The Great Depression

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Social Studies
American History

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The Great Depression

Dear,Fellow Citizens of the United States of America,Our country is going through a rough time, and we must stay strong. Our stock market has crashed and about 20% of our population is unemployed So, I have decided it would be wise to create a program helping this percentage decrease. The New Deal will build dams, bridges, and parks while helping the unemployed. So, I am opening The New Deal to all of you strugglers. However, there will be some requirements, you all seem great for the job. For more information listen tomorrow's fireside chat at 7:00 p.m.Your President,Franklin D Roosevelt

Imagine being a hobo no work, no home, no money, many decided to travel free on freight trains. Life as a hobo was risky. In addition to being poor and itinerant the railroad employees were rough with the trespassers. At least 6,500 hobos were killed in one year due to railroad accidents and harsh guards. More than two million men and possibley 8,000 women became hobos during the Great Depression. Also a big problem was finding food. If a farmer gave them food the hobo would mark the fence so that other hobos knew it was a good place to beg.

The Hobo Life

The Great Depression

A Note From FDR

Letter to FDR

In the 1930s the Great Depression frightened many people, but they enjoyed many forms of entertainment. Movies such as comedies, gangsters, and musicals became increasingly popular and got people's mind's off their troubles. Theater owners in small towns chose to provide free movies to lure country people into town. Some of the actors during The Great Depression were Clark Gable, Bette Davis, Greta Garbo, Errol Flynn, Humphrey Bogart Charlie Chaplin, Shirley Temple and many more talented artists. Board games were one of the many things people would like to do to enjoy life during The Great Depression. Scrabble and Monoply were two of the very popular games. Radio provided free entertainment and people would sit down in the evening and listen to the radio, if they had a pittance and could not afford TV's. Before The Great Depression, when everyone had money also known as the roaring 20s, dancing was extremely popular. During The Great Depression people were experts at dancing. Dancing was one of the things that people did to take their minds off their stress. Usually there were barn dances, especially before a barn loft was provided with season's hay. Churches would organize portable dance floors that would be held around town. Wealthier towns had ballrooms. However not only did people love to dance, they also loved to see other people dance. One of the most famous dancers at that time was Shirley Temple. Shirley Temple danced, sang, acted, and much more. Although The Great Depression was a depressing and hard time, there were many events, organizations, and activities that could help people escape their troubles.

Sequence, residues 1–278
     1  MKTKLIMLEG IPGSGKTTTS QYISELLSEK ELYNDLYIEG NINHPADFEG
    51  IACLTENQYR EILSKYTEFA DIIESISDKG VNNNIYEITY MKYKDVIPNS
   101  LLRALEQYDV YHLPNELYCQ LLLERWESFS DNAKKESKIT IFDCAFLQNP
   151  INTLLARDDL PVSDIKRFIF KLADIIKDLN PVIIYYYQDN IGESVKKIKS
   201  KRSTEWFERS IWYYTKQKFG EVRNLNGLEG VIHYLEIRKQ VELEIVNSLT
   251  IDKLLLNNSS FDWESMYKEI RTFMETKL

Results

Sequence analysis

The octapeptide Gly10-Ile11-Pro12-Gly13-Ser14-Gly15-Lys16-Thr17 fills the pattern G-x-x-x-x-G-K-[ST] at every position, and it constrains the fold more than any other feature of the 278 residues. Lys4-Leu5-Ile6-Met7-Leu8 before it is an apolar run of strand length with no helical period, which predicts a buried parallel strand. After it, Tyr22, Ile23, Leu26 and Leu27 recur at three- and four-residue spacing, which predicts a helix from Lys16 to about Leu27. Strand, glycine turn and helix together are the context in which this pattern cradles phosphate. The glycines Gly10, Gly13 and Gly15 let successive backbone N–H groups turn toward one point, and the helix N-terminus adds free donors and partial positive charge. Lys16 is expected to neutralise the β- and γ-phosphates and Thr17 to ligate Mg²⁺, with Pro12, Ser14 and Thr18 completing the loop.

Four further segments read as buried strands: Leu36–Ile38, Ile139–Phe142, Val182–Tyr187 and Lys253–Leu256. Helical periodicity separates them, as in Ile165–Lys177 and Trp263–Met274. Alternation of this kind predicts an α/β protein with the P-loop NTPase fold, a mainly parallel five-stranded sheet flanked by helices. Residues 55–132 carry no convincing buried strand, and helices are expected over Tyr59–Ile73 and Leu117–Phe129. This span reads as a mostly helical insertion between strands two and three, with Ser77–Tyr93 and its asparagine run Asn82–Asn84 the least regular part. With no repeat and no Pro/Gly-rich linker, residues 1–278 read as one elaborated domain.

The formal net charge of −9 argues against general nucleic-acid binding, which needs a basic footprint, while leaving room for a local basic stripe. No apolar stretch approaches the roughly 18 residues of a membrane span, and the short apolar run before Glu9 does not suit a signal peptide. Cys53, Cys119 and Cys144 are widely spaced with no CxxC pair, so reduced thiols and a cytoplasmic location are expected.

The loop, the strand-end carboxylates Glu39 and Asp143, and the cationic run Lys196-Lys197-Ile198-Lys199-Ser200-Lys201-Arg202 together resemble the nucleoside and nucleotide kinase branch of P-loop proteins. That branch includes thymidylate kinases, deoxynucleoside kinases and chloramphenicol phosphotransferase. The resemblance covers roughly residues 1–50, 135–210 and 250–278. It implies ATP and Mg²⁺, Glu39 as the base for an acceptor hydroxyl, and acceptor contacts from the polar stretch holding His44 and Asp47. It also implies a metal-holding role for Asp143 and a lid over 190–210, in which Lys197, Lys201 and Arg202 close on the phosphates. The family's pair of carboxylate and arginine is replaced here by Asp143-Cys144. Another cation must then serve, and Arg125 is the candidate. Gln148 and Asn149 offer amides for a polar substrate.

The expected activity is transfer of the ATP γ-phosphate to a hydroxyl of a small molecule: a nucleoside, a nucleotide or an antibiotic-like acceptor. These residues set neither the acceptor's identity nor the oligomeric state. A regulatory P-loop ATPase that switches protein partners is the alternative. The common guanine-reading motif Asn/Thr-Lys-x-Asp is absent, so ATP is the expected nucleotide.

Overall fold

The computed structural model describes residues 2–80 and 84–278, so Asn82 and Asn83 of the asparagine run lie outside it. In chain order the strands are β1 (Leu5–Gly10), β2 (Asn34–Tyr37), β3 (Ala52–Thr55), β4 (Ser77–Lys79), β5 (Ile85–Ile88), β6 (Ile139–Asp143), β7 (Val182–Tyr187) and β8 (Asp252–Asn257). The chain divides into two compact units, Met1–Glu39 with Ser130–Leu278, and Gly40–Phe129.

During the Great Depression many people had lost there jobs and became poor. However, others who were rich felt no impact on life. They were still able to by cars and socialize. Children of the poor were forced to work since their parents had barely any money. Being a child during the Great Depression was very difficult. Children worked for little or no money. Those left homeless had nowhere to go, they had no place to bathe, they did not have any clean clothes to wear, and had to sleep on the floor in shanty towns. There was talk about people selling children for money. These were a few differences between the rich and the poor.

FDRFireside chat


Deer Mr. PrezidentEvr sinse the 1929 stok market crash, 6 milion have lost their jobs, inkludin yours truly. Many hav fel in debt (includin me). I em in desperate nead of food. Pleas bring somethin tu me. Sincrly:John the poor person.

Child Labor and Rich v.s. Poor


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